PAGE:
El que lee mucho y anda mucho, ve mucho y sabe mucho.
(The one who reads a lot and goes around a lot, sees much and knows much.)
Miguel de Cervantes, El ingenioso hidalgo don Quijote de la Mancha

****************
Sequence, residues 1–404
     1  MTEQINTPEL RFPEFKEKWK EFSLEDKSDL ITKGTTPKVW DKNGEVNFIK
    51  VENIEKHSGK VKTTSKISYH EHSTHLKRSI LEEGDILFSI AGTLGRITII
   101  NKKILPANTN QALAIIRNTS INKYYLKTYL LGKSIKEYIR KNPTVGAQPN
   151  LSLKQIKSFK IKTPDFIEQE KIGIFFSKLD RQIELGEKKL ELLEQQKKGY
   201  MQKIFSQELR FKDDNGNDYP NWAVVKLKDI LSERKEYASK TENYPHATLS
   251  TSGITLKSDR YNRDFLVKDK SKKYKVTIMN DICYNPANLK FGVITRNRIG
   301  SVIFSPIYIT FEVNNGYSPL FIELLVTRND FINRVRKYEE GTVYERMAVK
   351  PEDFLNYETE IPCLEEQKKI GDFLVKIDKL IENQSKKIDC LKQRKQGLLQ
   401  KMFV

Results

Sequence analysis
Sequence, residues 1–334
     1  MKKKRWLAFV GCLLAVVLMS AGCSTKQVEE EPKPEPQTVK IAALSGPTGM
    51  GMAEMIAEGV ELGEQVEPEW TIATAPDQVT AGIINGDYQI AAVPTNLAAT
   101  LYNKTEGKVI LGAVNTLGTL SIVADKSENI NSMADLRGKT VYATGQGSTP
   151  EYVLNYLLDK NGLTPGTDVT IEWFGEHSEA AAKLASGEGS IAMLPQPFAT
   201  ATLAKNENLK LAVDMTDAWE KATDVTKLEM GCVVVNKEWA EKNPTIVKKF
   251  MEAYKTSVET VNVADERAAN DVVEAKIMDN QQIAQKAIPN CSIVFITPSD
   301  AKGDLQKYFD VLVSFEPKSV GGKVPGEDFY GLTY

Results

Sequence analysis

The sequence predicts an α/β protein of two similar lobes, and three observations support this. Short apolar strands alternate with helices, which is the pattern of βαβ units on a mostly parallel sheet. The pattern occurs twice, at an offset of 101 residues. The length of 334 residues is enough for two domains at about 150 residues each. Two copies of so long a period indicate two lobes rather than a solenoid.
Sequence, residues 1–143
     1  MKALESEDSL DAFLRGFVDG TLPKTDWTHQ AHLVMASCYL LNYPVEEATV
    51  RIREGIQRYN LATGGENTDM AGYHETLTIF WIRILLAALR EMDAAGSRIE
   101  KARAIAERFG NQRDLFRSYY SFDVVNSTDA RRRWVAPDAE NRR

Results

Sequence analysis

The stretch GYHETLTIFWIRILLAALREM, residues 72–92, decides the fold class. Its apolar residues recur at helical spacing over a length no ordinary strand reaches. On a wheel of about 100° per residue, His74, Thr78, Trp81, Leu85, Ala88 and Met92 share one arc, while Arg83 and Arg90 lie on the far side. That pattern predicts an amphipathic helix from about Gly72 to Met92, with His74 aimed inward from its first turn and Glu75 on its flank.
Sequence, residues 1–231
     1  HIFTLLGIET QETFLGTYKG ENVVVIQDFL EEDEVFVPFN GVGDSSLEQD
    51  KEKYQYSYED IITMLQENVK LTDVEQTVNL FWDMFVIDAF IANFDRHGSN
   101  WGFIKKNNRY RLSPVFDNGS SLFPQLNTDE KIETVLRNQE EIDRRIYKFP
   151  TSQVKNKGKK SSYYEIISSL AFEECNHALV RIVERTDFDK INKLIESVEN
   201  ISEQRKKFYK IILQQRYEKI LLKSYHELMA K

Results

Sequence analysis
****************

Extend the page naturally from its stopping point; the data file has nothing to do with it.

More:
I started working on security when I joined IBM, where I worked for almost nine years doing security research. I coauthored a book on database security while there, one of the first to appear on this topic. I later realized that a large amount of security knowledge was wasted, because practitioners had not read the variety of books and papers that had started to appear; they kept repeating the same mistakes. In particular, software developers knew little about security. Later I participated in a conference about patterns and realized that expressing security knowledge as patterns could be an effective way to spread this knowledge. Around that time, Yoder and Barcalow [Yod97] published a paper about expressing security solutions as patterns that further convinced me that this was a good direction. I found later that security patterns could do more than propagate security knowledge to inexperienced developers; they could also be useful for security experts, to help them apply security in a systematic way to build new applications or products, understand complex standards, audit complex applications and reengineer legacy systems. I was coauthor of a book that published most of the security patterns known up to 2005. However, since that book was published, many more patterns have appeared. ...